To resolve this issue, we can use the int() function in Python, which converts the input into a numerical value. It converts a string representation of a number to an integer value. Here’s an example of how to use the int() function:

>>> year = input("What is birth year? ")
What is birth year? 1990

>> year = int(year)
>>> year
1990

In this example, when we enter 1990 at the prompt, Python interprets the number as a string. But the value is then converted to a numerical representation by int(). To verify if the value is an integer, you can check the variable type by type() function as shown in the below example.

>>> type(year)
<class 'int'>

The result shows <class, ‘int’> which means it is an integer type.

Now you can find your age by the above modified code:

>>> year = input("What is birth year? ")
What is birth year? 1990

>>> age = 2023 – year
24

Example: Check if the user is a teenager or not

Consider the following scenario where you need to check if the user is a teenager or not, based on their age. Here’s an example program that uses the int() function:

age = input("Please enter your age: ")
age = int(age)

if age >= 13 and age <= 19:
    print("You are a teenager!")
else:
    print("You are not a teenager.")

First, it will prompt your age. The input is then converted to an integer using the int() function. Then, the program checks whether the user’s age falls between 13 and 19. If so, the program prints “You are a teenager!”. Otherwise, it prints “You are not a teenager.”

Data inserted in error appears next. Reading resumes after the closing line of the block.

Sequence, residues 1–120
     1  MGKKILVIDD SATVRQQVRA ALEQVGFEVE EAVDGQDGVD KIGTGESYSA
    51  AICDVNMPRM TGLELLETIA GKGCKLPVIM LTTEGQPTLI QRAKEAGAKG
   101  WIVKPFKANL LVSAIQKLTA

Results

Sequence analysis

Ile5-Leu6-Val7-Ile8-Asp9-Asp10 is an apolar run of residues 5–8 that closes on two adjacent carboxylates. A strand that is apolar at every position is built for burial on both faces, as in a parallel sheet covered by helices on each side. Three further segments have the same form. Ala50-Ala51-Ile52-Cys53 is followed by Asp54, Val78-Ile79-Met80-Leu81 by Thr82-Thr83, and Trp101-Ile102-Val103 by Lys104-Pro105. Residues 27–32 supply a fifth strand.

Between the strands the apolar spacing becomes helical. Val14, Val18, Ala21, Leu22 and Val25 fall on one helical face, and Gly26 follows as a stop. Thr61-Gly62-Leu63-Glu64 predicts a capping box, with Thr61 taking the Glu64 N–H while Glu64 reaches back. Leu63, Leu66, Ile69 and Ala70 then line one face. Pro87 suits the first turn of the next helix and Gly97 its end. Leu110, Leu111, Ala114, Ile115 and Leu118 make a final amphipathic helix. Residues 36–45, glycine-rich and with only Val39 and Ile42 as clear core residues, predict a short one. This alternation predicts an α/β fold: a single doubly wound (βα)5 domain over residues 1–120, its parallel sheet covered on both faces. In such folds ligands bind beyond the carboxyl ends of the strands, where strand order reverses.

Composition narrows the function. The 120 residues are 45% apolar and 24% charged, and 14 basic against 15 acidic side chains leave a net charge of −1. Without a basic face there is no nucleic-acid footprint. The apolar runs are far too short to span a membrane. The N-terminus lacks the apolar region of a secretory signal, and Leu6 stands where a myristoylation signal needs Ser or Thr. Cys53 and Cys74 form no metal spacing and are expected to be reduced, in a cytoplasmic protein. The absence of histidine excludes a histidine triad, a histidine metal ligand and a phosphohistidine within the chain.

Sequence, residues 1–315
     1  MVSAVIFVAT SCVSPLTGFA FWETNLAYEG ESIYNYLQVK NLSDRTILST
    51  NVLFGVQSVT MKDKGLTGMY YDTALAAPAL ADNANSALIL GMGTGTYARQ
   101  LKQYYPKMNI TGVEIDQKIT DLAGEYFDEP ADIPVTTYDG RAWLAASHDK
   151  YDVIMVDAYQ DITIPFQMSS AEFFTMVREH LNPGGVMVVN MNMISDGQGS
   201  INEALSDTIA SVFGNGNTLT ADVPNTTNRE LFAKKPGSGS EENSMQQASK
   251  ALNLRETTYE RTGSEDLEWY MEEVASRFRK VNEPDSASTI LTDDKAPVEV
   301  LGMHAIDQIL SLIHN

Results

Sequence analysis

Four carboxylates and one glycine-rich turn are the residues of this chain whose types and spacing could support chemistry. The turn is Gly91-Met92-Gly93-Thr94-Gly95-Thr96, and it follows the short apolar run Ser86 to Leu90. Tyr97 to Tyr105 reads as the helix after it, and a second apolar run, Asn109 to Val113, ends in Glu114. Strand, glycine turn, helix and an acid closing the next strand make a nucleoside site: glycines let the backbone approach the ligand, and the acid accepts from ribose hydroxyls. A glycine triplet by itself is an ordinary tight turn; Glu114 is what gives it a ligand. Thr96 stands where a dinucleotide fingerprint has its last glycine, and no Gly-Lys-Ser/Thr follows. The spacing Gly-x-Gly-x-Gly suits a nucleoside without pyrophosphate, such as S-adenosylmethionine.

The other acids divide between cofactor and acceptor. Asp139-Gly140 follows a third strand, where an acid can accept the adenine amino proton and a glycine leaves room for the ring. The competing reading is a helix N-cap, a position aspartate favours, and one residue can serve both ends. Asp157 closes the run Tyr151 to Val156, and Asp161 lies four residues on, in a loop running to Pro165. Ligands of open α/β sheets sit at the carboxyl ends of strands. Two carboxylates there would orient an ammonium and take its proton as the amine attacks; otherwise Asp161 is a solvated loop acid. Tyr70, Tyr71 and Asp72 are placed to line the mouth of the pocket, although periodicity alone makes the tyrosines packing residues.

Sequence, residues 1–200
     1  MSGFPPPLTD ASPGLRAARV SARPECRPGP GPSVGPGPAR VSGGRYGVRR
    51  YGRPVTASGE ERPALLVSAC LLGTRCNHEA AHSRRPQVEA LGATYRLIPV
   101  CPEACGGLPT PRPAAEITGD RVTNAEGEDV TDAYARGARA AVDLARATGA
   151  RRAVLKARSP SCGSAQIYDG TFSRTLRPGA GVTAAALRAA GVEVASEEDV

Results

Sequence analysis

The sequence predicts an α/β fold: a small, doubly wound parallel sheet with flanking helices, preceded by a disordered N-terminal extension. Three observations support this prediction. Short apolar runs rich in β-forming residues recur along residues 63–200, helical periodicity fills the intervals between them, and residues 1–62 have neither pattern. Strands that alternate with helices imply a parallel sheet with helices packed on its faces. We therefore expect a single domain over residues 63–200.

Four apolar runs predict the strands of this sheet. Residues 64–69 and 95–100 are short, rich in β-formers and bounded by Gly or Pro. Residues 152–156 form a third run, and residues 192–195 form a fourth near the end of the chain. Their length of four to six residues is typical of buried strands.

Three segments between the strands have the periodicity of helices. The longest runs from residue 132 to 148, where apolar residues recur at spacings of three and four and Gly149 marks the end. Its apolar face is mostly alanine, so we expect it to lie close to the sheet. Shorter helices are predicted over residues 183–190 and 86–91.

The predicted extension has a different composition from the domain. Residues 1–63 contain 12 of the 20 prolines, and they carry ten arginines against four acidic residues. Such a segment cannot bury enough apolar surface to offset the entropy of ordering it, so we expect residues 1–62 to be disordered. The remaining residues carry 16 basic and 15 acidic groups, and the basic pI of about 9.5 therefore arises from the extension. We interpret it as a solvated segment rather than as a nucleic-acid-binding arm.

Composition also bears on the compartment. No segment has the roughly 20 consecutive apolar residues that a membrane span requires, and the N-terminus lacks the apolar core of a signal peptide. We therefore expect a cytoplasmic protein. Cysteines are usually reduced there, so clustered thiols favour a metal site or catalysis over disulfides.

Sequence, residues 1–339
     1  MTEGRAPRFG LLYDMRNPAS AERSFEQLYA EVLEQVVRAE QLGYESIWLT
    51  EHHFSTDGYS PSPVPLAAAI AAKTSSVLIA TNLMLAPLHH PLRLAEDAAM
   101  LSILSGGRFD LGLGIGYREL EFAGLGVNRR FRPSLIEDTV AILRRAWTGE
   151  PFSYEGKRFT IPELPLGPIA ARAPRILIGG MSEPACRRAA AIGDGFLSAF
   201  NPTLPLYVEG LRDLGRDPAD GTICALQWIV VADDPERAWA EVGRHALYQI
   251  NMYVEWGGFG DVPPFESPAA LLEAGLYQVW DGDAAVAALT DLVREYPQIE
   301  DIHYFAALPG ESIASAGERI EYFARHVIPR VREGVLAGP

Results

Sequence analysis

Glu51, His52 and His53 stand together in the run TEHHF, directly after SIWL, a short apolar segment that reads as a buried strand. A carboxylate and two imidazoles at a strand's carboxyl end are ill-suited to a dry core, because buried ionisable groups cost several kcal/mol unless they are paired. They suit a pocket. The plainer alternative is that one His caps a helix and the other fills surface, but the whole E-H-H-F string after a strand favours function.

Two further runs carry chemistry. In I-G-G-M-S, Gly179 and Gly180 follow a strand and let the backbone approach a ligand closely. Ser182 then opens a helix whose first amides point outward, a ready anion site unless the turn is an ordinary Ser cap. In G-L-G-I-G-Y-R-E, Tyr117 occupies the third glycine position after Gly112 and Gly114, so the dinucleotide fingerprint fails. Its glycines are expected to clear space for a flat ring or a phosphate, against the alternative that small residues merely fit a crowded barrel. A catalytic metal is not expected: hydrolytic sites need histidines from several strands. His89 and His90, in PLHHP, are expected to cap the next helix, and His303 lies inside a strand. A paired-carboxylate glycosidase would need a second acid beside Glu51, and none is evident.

It is important to convert the input value to a numerical type before calculations or comparisons with numerical input.

Accepting Multiple Inputs with a While Loop

You can use a while loop to ask the user for input until a certain condition is met. This is useful when you need to accept more than one input from the user.

Let’s say you want to create a program that asks the user for a list of names and then displays the list back to the user. You don’t know how many names the user wants to enter, so you need to keep asking for input until they say to stop.

Here’s an example of how you could use a while loop to achieve this:

# initialize an empty list to store the names
names = []

# keep asking for input until the user is done
while True:
    # prompt the user to enter a name
    name = input("Enter a name (or 'quit' to finish): ")
    
    # check if the user is done
    if name == 'quit':
        break
    else:
        # add the name to the list
        names.append(name)

# display the list of names to the user
print("The names you entered are:")
for name in names:
    print(name)

The code above will produce the following output:

Enter a name (or 'quit' to finish): vilash
Enter a name (or 'quit' to finish): priya
Enter a name (or 'quit' to finish): kunal
Enter a name (or 'quit' to finish): ram
Enter a name (or 'quit' to finish): quit
The names you entered are:
vilash
priya
kunal
ram

Conclusion

Accepting user input is an important aspect of programming that allows us to solve an end user’s problem. By using the input() function, we can prompt the user to provide the necessary information for our program to work with. We have also learned how to keep programs running using Python’s while loop, allowing users to input as much information as needed. By applying these concepts, we can create more effective programs that are tailored to meet the needs of our users.